Ethical Fashion: Is This Accessible To Everyone?

It’s no secret that rules & policies have to be bent to give you, the consumer, those cheap prices you find at fashion retailers like Forever 21 and H&M. But what does that mean? Well it can be one or a combination of the following: Someone is not getting paid enough. Working conditions are below standard. Non-sustainable material is being used. Ownership of textiles or designs are not being credited. And the list goes on. Unfortunately, when you don’t grow up with a lot of money, as I did, this is not the first thought that comes to mind when making a purchase at the mall. Discovering ethical fashion has given me the language and perspective to analyze my experience with fashion.


I can still remember when I first realized that fashion and the way I looked mattered to me as a pre-teen. Aside from “looking pretty” or presentable for certain occasions, I was finally developing a sense of fashion and that goes hand-in-hand with developing a sense of how much clothes you own. When you don’t have a lot of money, the easy way to look like you do is to have lots of clothes. Some of my friends were very good at trying to maximize the amount of outfits they could make with their closet. However, I always felt this desire to buy more clothes, but nice clothing can get expensive. So my mother, who also raised me with the idea that I should never pay more than $12 for a shirt, got me onto clearance/sale shopping. I would just go look for the sake of looking and I’d buy $3 shirts that I knew I had no intention of wearing more than once. Now it may not surprise you that teenagers are victims of fast fashion, but I also see so many adults doing the same, including my mother.

In college I had to discover on my own that more clothes does not automatically imply more wealth. It was a quite a shocking fact for me, but it eventually made sense. I go to a private university so I see my fair share of wealthy students and I see what they wear on a daily basis: more expensive name brands. At first I thought as long as my cheaper clothes don’t state a brand name & look high quality enough, I can pass. But after researching how it is that some clothes can be sold at such low prices, I realized that I didn’t care for name brands. I cared about social responsibility. I had to do research on fashion retailers to understand the negative effects of some fast fashion retailers. Investing in more expensive clothes was beyond name brands; it was about people & the environment. But how do you convince someone with a limited budget to save up for a better quality item for the sake of social responsibility?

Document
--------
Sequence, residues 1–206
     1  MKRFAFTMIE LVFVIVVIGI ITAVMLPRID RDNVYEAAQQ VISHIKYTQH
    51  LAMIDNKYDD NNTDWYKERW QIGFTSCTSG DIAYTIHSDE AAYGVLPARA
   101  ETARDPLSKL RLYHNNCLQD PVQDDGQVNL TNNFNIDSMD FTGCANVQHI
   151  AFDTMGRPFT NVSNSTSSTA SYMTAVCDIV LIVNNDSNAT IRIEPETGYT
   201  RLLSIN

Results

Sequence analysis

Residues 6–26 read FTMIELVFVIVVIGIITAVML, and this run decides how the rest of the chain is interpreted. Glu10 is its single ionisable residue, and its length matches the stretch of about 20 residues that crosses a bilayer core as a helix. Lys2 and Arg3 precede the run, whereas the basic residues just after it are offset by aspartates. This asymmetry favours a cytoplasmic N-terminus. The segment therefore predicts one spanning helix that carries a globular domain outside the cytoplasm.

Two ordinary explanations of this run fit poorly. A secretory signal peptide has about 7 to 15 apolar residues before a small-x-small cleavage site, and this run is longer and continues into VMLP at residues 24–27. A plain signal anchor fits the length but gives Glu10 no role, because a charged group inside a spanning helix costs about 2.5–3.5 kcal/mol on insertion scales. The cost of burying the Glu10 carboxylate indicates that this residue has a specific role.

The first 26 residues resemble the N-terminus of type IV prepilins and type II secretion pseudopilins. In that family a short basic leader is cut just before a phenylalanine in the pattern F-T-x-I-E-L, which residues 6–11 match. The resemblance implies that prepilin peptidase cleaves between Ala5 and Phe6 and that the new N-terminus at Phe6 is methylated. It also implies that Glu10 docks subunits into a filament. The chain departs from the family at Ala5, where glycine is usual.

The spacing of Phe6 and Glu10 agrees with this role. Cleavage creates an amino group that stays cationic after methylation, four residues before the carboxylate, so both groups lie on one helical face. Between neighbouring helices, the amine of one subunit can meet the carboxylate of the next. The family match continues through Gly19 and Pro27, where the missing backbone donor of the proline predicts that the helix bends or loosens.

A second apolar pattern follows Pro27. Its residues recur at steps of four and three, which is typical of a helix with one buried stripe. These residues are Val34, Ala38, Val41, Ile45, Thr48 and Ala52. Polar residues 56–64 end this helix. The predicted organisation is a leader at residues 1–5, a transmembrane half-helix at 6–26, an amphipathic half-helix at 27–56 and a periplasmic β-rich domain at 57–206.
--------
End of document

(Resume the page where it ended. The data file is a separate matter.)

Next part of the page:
I believe that it’s possible to make anyone consider socially responsible fashion retailers, regardless their budget or style. Not being able to find trendy items or everything being ridiculously expensive is not true about socially responsible fashion retailers. So what’s the hold up? It really becomes a matter of motivation & understanding. It’s about changing paradigms of perceived wealth, global responsibility & accessibility. It’s about showing that quality does beat quantity, that what happens to someone else affects you, that delayed gratification is worth it. But how do you motivate someone? It’s starts with informing them. Now it might not be easy or pretty to say, but it sure won’t be forgotten. Sometimes we excuse ourselves from caring by saying that something isn’t accessible to us right now, but thinking about it doesn’t take any money. I personally love to share this information with my friends & family because they’re more likely to listen. Over time and with a little research here and there, these thoughts will develop into motivation. Money still hasn’t changed, but values about their purchases have changed. Then, it’s a matter of having the resources to do it and accepting that it will be a process or transition. I am working on a detailed how-to guide for transitioning to socially responsible fashion [here] & creating a list of companies at different price ranges [LINK COMING SOON]. Knowledge is the most powerful tool you have. Use it, but use it wisely.

Thanks for listening

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